5.5.2 Uses a range of appropriate information technology applications in creating the product
5.5.3 Incorporates principles of design and communication appropriate to the environment
5.5.4 Communicates clearly and in a style to support the purposes of the intended audience

Standard Six

The information literate person understands cultural, economic, legal, and social issues surrounding the use of information and accesses and uses information ethically, legally and respectfully


6.1 The information literate person understands cultural, ethical, legal and socioeconomic issues surrounding information and information technology
6.1.1 Identifies and can articulate issues related to privacy and security in both the print and electronic environments
6.1.2 Identifies and can articulate issues related to free vs fee based access to information
6.1.3 Identifies and can discuss issues related to censorship and freedom of speech
6.1.4 Demonstrates an understanding of intellectual property, copyright and fair use of copyrighted material
6.1.5 Recognises the ‘information divide’ as a contributing factor to socioeconomic divisions

6.2 The information literate person follows laws, regulations, institutional policies, and etiquette related to the access and use of information resources
6.2.1 Obtains, stores, and disseminates text, data, images, or sounds in a legal manner
6.2.2 Complies with institutional policies on access to information resources
6.2.3 Demonstrates an understanding of what constitutes plagiarism and does not represent work or ideas attributable to others as their own
6.2.4 Demonstrates an understanding of institutional policies related to ethical research
6.2.5 Participates in electronic discussions following accepted practices eg Netiquette

6.3 The information literate person acknowledges the use of information sources in communicating the product
6.3.1 Selects an appropriate citation style and uses it consistently to cite sources used
6.3.2 Acknowledges sources in accordance with copyright legislation
6.3.3 Understands and respects indigenous and multicultural perspectives of using information

Standard Seven

The information literate person recognises that lifelong learning and participative citizenship requires information literacy


7.1 The information literate person appreciates that information literacy requires an ongoing involvement with learning and information technologies so that independent lifelong learning is possible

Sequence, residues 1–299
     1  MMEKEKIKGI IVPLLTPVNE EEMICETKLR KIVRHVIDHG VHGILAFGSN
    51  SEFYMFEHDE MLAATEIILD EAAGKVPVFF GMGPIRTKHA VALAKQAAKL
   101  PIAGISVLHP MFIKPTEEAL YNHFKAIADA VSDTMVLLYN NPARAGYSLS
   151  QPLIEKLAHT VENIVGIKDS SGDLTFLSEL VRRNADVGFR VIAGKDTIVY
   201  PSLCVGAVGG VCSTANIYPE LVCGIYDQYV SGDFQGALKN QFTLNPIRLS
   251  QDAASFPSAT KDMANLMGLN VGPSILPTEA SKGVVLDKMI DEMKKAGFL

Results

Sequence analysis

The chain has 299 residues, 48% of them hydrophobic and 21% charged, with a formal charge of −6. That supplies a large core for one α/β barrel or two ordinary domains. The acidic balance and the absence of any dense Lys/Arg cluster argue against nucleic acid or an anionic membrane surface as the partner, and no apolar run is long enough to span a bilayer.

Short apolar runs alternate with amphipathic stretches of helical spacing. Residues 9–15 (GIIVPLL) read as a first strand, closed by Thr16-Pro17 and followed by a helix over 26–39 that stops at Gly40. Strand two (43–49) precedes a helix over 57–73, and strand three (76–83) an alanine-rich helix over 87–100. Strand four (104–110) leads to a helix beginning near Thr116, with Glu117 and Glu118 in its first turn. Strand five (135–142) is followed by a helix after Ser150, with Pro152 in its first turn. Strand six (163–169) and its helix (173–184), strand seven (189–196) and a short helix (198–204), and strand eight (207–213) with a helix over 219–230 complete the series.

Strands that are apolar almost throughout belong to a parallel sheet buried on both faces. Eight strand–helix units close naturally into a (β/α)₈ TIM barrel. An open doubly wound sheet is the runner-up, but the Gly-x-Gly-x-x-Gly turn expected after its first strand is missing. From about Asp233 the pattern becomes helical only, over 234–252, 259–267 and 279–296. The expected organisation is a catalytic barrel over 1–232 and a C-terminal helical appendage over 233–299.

7.1.1 Uses diverse sources of information to inform decisions
7.1.3 Seeks to maintain current awareness in areas of interest and/ or expertise by monitoring information sources
7.1.4 Derives satisfaction and personal fulfilment from locating and using information
7.1.5 Keeps up to date with information sources, information technologies, information access tools and investigative methods
7.1.6 Recognises that the information search process is evolutionary and nonlinear

7.2 The information literate person determines whether new information has implications for democratic institutions and the individual’s value system and takes steps to reconcile differences
7.2.1 Identifies whether there are differing values that underpin new information or whether information has implications for personal values and beliefs
7.2.2 Applies reasoning to determine whether to incorporate or reject viewpoints encountered
7.2.3 Maintains an internally coherent set of values informed by knowledge and experience

Selected information literacy developments

• In 1989 the American Library Association (ALA) Presidential Committee on Information Literacy issued a Final report which defined four components of information literacy: the ability to recognise when information is needed and to locate, evaluate and use effectively the needed information

• In 1989 the Australian National Board of Employment, Education and Training commissioned the Ross report Library provision in higher education institutions AGPS, Canberra 1990

Terms of reference number 9
The role of higher education libraries in preparing those training for the professions in information literacy pvi

The library as educator pp66-71
It is thought that the concept of information literacy does not have wide currency outside library circles, where it is the subject of a considerable literature p66

The elements of Cooperative Program Planning and Teaching, and identically for library user education in higher education are
• close cooperation between teachers/academics and librarians must exist
• information skills need to be taught ‘in context’, not as they often have been, in a vacuum
• librarians have an important perspective to contribute to the teaching/learning process for they see the problems clients have in carrying out research/inquiry based tasks